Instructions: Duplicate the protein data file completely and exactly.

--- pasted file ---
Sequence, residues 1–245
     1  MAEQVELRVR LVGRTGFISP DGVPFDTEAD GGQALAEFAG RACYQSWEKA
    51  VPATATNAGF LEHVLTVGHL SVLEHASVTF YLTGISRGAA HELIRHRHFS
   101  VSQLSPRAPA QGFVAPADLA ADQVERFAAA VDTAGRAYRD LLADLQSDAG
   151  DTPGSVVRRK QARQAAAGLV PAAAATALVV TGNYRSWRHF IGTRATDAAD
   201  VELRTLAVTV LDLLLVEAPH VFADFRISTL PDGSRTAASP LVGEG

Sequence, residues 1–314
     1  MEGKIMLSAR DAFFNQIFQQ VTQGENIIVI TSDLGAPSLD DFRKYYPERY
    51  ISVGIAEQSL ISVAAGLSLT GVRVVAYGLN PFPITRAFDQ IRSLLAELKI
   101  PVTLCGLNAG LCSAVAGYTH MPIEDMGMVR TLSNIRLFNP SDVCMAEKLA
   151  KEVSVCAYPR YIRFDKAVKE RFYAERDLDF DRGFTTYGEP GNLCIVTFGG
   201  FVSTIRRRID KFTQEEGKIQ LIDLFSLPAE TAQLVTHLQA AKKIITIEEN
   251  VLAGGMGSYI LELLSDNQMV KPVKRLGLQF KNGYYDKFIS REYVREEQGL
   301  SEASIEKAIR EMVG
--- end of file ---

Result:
Sequence, residues 1–245
     1  MAEQVELRVR LVGRTGFISP DGVPFDTEAD GGQALAEFAG RACYQSWEKA
    51  VPATATNAGF LEHVLTVGHL SVLEHASVTF YLTGISRGAA HELIRHRHFS
   101  VSQLSPRAPA QGFVAPADLA ADQVERFAAA VDTAGRAYRD LLADLQSDAG
   151  DTPGSVVRRK QARQAAAGLV PAAAATALVV TGNYRSWRHF IGTRATDAAD
   201  VELRTLAVTV LDLLLVEAPH VFADFRISTL PDGSRTAASP LVGEG

Sequence, residues 1–314
     1  MEGKIMLSAR DAFFNQIFQQ VTQGENIIVI TSDLGAPSLD DFRKYYPERY
    51  ISVGIAEQSL ISVAAGLSLT GVRVVAYGLN PFPITRAFDQ IRSLLAELKI
   101  PVTLCGLNAG LCSAVAGYTH MPIEDMGMVR TLSNIRLFNP SDVCMAEKLA
   151  KEVSVCAYPR YIRFDKAVKE RFYAERDLDF DRGFTTYGEP GNLCIVTFGG
   201  FVSTIRRRID KFTQEEGKIQ LIDLFSLPAE TAQLVTHLQA AKKIITIEEN
   251  VLAGGMGSYI LELLSDNQMV KPVKRLGLQF KNGYYDKFIS REYVREEQGL
   301  SEASIEKAIR EMVG